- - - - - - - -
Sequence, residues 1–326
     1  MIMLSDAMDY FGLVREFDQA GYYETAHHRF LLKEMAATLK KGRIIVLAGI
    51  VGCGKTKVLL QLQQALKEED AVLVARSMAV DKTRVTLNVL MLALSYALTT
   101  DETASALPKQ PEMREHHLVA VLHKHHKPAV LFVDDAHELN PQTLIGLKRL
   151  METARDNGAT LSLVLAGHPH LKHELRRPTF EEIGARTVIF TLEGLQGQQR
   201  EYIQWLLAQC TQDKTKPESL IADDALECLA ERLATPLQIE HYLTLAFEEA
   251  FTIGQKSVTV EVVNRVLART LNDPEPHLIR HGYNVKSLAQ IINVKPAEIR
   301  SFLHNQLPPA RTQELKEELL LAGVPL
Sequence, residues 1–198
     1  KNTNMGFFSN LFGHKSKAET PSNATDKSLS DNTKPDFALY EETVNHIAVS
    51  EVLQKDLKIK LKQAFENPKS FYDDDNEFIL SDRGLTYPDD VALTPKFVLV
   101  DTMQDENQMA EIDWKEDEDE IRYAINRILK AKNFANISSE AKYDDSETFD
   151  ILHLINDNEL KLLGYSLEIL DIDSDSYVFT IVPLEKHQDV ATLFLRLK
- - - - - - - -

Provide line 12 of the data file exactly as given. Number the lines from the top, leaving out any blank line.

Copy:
   101  DTMQDENQMA EIDWKEDEDE IRYAINRILK AKNFANISSE AKYDDSETFD